Why you should care about Jacques Tati

Cinéma du Parc are celebrating the works of Jacques Tati throughout the month of October. We chat to Parc’s Raphaël Dostie about the legendary filmmaker.


Jacques Tati

Although Jacques Tati only has six films to his name, the French director is considered one of the greatest filmmakers of all time.

Throughout the month of October, Cinéma du Parc will be celebrating his work by screening new digitally restored versions of his films until Oct. 24. We spoke to Raphaël Dostie from Media Relations at Parc about Tati’s importance as a filmmaker and his impact on cinema.

Kayla Marie Hillier: Why did you choose to celebrate the works of Jacques Tati?
Raphaël Dostie: We chose the works of Jacques Tati because we consider him both unique and important to the history of cinema. His films are timeless, and now they’re digitally restored with a quality of precision never achieved before. AXIA Films, a local distributor, just bought the rights for all his films, and we felt we just had to show them. It felt like an obligation towards the great master that is Jacques Tati and a mission we had to achieve for Montreal’s circle of cinephiles. Tati’s influence is still ongoing today, with David Lynch recently stating that he was one of the most important filmmakers in cinema and must be preserved. At Cinéma du Parc, we have to maintain these kinds of events in order to pursue our mission and offer cinephiles a different kind of programming… with an edge.

KMH: For people who aren’t familiar with Tati, why should they check out his films — why are they important?
RD: People should check out the films of Jacques Tati for their universal themes that cross cultural boundaries, which develop into a humoristic language appealing to everyone from five to 99 years old; for their critiques towards modernism and technology integrated in our daily lives; and for their timeless comedic touch relying on sound and masterful choreographies.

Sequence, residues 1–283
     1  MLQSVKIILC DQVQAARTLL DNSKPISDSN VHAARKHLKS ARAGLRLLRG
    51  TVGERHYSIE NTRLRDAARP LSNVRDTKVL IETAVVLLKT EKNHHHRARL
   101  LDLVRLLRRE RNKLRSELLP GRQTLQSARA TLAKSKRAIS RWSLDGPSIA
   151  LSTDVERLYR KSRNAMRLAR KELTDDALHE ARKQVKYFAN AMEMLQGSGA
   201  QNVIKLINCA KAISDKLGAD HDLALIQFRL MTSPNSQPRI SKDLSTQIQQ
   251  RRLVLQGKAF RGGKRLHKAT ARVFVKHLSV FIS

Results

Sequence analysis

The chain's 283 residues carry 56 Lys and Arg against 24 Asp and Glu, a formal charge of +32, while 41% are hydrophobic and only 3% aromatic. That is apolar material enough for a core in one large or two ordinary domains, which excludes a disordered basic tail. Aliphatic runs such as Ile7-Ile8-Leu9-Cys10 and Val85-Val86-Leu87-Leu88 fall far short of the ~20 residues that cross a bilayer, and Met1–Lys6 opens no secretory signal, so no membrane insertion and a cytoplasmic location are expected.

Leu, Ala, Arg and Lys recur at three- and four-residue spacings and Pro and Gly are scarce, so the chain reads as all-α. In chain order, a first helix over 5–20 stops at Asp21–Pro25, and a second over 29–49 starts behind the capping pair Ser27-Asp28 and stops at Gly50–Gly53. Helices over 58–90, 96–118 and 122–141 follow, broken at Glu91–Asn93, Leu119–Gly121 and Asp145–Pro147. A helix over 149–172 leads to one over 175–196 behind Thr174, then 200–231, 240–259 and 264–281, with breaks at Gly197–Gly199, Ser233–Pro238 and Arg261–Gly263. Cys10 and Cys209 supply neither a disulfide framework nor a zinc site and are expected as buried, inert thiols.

KMH: Is there a particular film that you’re excited about?
RD: I’m particularly excited about the screening of Playtime, Tati’s most ambitious project. Filmed originally on 70mm, this gorgeous film is a work of art filled with details that will leave viewers in awe, for many reasons. The set itself, a fully constructed replica of Paris in the near future — that cost a fortune — made the project epic and depicted a dystopian reality tinted with an overall impression of cold modernity, alienating people in the most funny ways! One of the other reasons would be for the sound treatment of the film — an artistic achievement that literally changed the way we hear films and began a revolution in sound effects and sound treatment. That film opens on Oct. 4, just like My Uncle, another amazing masterpiece that must be seen on a giant screen! ■

The films of Jacques Tati:

jour deJour de Fête
Every year a fair comes to the little town of Sainte-Severe-sur-Indre. This year, all the inhabitants are making fun of the postman François as he journeys through the festival.




m hulotM. Hulot’s Holiday
M. Hulot arrives at a beachside hotel and starts to wreak havoc on guests and employees — accidentally.





uncleMy Uncle
Hulot visits family and gets perplexed with all the new technologies that he’s exposed to throughout his travels.




This time, Hulot gets lost in Paris amongst strange architecture. He ends up roaming around with a group of American tourists, causing chaos in his usual manner.




Hulot tries to drive a vehicle from Paris to Amsterdam — hijinx ensue.





Two small children go behind the scenes at a circus, where Tati plays a clown.





Celebrating with Tati runs until Oct. 24 at Cinéma du Parc (3575 Parc)

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